This week’s fresh crop of books features stories about animals. In no particular order, we’ve got horses, sea otters, roosters, penguins, bunnies, dogs and dragons (ok, maybe dragons aren’t real, but neither are talking bunnies). We think the illustrations in this week’s set are particularly great; we hope you enjoy them too!
Lastly, don’t forget, March is National Reading Month — so cuddle up with your little ones and read!
Last week, I stood with my daughter outside her first-grade classroom, waiting with other kids and parents for the door to open. But since it was Mystery Reader Friday, the kids were also busy staring at parents, giggling and speculating. Which parent was going to secretly wait outside while the kids settled in, then reappear at the door as The Mystery Reader?
Jay and Scott, parents of two Bookboard fans
Meet San Francisco Bay Area parents Jay and Scott! They kindly agreed to share some of their family reading experiences with daughter Gracie, age 5 and son Austin, age 3.
Q: Help us picture the reading scene in your home.
Jay: Scott does the nightly reading with both kids. Gracie likes to do daily reading as well. When she was little, she always loved to read. With Austin, not so much yet, but we have a routine; at nighttime, he lets us read to him.
She loves cheetah prints for a reason!
Credit: Diana Dull Akers
If you’re the parent of a young girl, you’ve probably noticed that cheetah, leopard and zebra print designs are everywhere on kids’ clothing, backpack and shoes. I’ve never been a fan of the animal print look, but my 6-year old Hope assures me it is “definitely cool” to be sporting spots and stripes at school. And for her, the cheetah print reigns supreme.
What makes me smile is that my kid’s love for cheetah couture is not fueled by a goal of being cool or fashion forward. Nope, Hope’s inspiration comes from her love of actual cheetahs, a passion inspired by books and educational programming.
Chinese New Year is celebrated on January 31 this year, and marks the beginning of the Chinese year 4712. The Chinese calendar is based on the lunar calendar, with the new year beginning on the darkest day of the month. New years celebrations often go as long as two weeks, until the next full moon. And a celebratory holiday it is, with red decorations, good-luck gifts of oranges and money, parades with dragon dances and firecrackers, and special foods.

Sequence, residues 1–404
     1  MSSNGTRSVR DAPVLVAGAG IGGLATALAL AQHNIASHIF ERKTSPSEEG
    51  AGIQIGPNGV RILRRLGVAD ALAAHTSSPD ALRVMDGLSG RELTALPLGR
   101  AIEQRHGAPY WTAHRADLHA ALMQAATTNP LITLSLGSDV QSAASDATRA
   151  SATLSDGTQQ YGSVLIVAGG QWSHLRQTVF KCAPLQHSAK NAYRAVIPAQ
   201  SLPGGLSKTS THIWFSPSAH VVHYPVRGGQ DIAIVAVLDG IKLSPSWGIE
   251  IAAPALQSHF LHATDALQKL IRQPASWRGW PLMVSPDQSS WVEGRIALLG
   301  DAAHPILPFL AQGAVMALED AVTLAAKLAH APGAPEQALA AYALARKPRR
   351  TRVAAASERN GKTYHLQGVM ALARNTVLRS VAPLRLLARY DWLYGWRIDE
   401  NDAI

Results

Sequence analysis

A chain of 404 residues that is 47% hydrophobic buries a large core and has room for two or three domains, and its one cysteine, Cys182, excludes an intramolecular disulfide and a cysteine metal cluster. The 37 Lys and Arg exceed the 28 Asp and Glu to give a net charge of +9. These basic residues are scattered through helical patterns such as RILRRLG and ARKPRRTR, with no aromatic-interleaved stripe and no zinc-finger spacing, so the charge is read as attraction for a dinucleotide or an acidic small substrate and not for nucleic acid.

Credit: Wikimedia Commons
This year is the Year of the Horse. See a Chinese zodiac calendar. Try one of these fun Chinese New Year crafts or activities:
In celebration of the third annual Take Your Child to the Library Day, we are partnering with over 400 libraries throughout the United States and Canada to encourage families to visit their local libraries. All participating libraries are hosting special events that include story times, musical performances, scavenger hunts, art activities and giveaways to celebrate reading and create more awareness about literacy and what local libraries have to offer children and families. This year’s festivities will be held on Saturday, February 1, 2014.
Kindergarten art for MLK Day
Credit: Diana Dull Akers
I saved the Martin Luther King Day projects my daughter Hope did in kindergarten last year. For one, they are endearing. There’s the construction paper portrait of King with crazy huge eyes, or her best-penmanship statement at age 5 that she dreamt of a world where people wouldn’t litter.
But I’ll also save these — and future MLK Day projects — because they chronicle my daughter’s emerging understanding of challenging topics. What will she understand about King’s legacy at age 8, 10, or 15?
Last month, we explored an outdoor MLK art installation in San Francisco. There were King quotes etched in stone and photos of the 1963 March on Washington for Jobs and Freedom.
We know the New Year is a time to do a little searching and self-inventory. Our latest crop of new books is themed around that search:
Rosa’s Room is too empty, but Daisy’s room is too full! I love these books that include both Rosa and Daisy, and some other books about girls and the things they get up to.
Rosa has moved into a new house with her mother (I always like to see different types of families represented in children’s books) and her room is far too big.
Is that a storm brewing over the Golden Gate bridge?
credit: kconnors. morguefile.com. http://mrg.bz/Ebk1ZT
While I’ve always been proud to be a native of the San Francisco Bay Area, I have a confession: overall, we’re a population of weather wimps around here. It’s a bit embarrassing.
Sure, we’re aware of the comparative weather realities faced by folks in other regions: the frigid winters, the need to dig through snow to reach your cars or front doors. We appreciate that your winter storms include lightening, thunder, giant hail, and knock-you-down winds. Heck, millions of you just earned your “I-Survived-The-Polar-Vortex-of-2014″ medals. It’s impressive, to be sure.